But we are running into choppy water on the two further budgets that have been set so far – the fourth and fifth, covering the years 2022 to 2032. With present policies, we will fall short of achieving the required reductions – and in the case of the gap between the fourth and fifth carbon budget by about 50 per cent, even with the ‘new’ policies presented by the government recently with the publication of the clean growth strategy. Although the strategy has been well received in many quarters and does present a raft of sound policy aspirations, its sums simply don’t add up. They fall short of what such strategies (supposed to be presented to show how policy can meet the requirement of each carbon budget) are required to do.
Worse, the clean growth strategy contains very few actual hard policy instruments that can make a reality of the aspirations. To take just one example: the strategy, as part of the contribution the climate change committee has earmarked for energy efficiency in cutting emissions, has committed to bringing all domestic properties up to an average of band C in the seven-band standard measure of the energy efficiency of a property. But there are no policy indications as to how this might be done, other than a relatively small programme over the next 10 years to oblige energy companies to carry out some energy efficiency retrofitting in fuel-poor households.
And worse still, there are now indications that the investment in clean energy – a key component of our emissions reduction strategy – has begun to collapse over the last two years, quite probably as a result of the anti-renewable and clean energy measures that were taken during 2015 by the then Cameron government. These effectively banned onshore wind, cut support to solar installations, cancelled the zero-carbon homes plan for new houses, and pulled the £1bn carbon capture and storage demonstration programme. This is an example of how a negative policy framework can have deleterious effects way beyond the immediate problems it was supposed to fix; and stands as a lesson to Labour that a future policy environment has to offer long-term stability and support in order to trajectories and the investment in supporting them intact.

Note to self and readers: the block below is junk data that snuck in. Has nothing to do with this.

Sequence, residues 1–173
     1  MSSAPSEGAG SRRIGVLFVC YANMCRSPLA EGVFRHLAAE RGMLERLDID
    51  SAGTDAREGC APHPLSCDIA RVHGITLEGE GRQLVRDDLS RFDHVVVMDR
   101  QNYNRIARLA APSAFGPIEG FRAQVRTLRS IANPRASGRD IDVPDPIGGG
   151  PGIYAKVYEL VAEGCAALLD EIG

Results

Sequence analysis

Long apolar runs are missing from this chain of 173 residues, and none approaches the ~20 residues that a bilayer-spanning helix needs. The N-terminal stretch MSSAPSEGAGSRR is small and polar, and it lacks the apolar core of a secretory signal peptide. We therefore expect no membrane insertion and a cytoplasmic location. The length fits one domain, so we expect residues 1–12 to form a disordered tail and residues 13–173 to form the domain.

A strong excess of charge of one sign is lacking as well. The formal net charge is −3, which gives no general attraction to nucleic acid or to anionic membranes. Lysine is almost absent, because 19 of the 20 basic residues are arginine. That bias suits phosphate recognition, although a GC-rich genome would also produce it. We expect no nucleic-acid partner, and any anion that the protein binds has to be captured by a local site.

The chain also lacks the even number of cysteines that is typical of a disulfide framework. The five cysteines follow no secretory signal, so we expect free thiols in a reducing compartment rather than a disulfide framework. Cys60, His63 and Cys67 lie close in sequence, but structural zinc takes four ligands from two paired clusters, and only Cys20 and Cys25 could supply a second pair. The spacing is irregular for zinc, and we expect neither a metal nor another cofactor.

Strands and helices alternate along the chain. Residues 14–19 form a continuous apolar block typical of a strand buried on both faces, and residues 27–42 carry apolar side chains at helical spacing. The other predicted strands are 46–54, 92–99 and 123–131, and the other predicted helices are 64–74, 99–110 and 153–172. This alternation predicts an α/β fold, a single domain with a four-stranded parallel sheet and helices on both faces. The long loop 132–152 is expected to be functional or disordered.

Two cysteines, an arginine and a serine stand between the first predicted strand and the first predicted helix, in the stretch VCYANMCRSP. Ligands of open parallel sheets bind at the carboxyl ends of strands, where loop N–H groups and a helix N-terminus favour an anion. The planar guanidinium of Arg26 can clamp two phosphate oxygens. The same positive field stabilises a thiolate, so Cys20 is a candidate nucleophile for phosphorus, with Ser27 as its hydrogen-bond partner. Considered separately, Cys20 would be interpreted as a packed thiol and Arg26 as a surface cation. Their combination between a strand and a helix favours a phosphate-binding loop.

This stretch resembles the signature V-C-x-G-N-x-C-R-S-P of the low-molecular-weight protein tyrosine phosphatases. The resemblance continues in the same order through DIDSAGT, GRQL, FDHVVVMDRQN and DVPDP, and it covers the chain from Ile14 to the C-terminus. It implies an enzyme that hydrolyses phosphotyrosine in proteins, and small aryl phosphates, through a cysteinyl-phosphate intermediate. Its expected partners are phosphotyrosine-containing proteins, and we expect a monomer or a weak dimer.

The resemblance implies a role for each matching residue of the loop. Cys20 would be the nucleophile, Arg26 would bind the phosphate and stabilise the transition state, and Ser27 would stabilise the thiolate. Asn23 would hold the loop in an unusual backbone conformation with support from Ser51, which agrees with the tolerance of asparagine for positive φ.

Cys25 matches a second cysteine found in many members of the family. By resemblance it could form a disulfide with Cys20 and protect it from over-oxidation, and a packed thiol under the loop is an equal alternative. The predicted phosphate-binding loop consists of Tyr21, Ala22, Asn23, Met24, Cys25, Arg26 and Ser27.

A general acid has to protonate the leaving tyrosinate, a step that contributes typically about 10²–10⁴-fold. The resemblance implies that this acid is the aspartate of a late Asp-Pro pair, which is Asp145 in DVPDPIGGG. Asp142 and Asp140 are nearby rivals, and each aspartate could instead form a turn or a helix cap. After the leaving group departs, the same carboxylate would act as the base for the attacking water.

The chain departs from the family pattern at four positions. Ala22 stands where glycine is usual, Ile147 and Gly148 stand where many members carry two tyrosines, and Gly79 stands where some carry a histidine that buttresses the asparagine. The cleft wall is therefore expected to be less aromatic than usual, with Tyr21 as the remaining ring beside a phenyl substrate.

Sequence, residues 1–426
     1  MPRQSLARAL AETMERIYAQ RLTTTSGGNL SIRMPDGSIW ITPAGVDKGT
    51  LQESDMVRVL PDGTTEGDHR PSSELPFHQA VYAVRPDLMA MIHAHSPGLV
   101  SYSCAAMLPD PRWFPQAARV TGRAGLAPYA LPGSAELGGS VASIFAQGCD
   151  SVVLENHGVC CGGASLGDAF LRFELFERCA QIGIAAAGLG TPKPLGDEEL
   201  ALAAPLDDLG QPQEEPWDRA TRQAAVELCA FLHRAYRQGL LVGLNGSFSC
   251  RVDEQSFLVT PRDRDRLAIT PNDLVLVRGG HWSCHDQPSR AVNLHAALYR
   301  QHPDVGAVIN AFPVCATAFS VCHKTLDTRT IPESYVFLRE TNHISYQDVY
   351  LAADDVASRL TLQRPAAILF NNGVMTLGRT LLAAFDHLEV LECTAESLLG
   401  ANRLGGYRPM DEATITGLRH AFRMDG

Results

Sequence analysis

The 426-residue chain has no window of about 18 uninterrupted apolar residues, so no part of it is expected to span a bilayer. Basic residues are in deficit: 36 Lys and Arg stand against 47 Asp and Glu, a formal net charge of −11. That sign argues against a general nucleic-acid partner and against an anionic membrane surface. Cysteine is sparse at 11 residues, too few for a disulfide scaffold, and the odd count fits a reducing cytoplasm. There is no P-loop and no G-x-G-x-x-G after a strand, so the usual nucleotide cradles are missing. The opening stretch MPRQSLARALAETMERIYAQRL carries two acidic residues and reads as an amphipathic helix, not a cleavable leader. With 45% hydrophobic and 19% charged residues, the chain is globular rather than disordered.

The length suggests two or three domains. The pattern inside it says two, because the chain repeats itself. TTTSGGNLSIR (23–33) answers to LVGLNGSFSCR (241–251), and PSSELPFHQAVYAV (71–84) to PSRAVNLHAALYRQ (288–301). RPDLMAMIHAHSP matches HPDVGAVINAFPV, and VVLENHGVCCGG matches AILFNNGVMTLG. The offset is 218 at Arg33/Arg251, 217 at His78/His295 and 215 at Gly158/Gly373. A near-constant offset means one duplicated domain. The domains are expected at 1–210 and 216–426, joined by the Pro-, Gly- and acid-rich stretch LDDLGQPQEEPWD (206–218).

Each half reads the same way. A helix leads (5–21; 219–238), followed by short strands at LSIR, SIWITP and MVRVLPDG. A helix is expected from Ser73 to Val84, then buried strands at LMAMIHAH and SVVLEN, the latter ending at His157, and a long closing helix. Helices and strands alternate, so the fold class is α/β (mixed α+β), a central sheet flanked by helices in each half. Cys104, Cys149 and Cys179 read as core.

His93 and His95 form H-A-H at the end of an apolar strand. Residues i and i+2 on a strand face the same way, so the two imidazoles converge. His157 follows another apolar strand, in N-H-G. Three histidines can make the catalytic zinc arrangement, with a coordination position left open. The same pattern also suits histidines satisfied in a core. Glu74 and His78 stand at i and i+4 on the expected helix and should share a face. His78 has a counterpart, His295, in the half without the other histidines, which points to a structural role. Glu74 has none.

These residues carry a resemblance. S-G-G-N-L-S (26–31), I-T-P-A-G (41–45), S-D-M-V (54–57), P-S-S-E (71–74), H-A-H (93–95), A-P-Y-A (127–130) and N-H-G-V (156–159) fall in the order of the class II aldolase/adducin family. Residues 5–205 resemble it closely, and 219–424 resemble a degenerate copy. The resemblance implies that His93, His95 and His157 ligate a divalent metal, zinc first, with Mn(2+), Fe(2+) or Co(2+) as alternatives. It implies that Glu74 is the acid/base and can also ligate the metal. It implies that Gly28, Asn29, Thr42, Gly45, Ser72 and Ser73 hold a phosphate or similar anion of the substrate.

Labour’s response must produce a clean growth plan when in government that actually does meet to our carbon budget obligations. That means introducing policy instruments that really do support their realisation, that do establish the solid long-term landscape that supports and maintains investment in the green economy and thereby allow us to present our nationally determined contributions to the Paris agreement as an example to others. We need them to be deliverable as the verification process adopted by Paris (based largely on the mechanisms of the UK Climate Change Act, incidentally) moves forward.
Here is one example of the difference a Labour government would make. Labour has committed now to move far beyond the thin and chaotic home energy efficiency prescriptions of the Tory government by establishing a programme to retrofit four million homes including a large chunk of hard-to-treat solid wall homes for each of the next two Labour government’s terms in office. This programme, costing about £1.8bn per year, will be carried out by local authorities and partners on an area basis and will have a number of effects. It will save families substantially on their energy costs – it will to all and intents and purposes eliminate fuel poverty because of the changed relationship between poor housing conditions and energy bills It will also, through the immense reduction it will make in energy use and hence emissions meet in full the climate change committee’s recommendations for the contribution that energy efficiency in homes will make towards overall emissions reduction targets in the fourth and fifth carbon budget.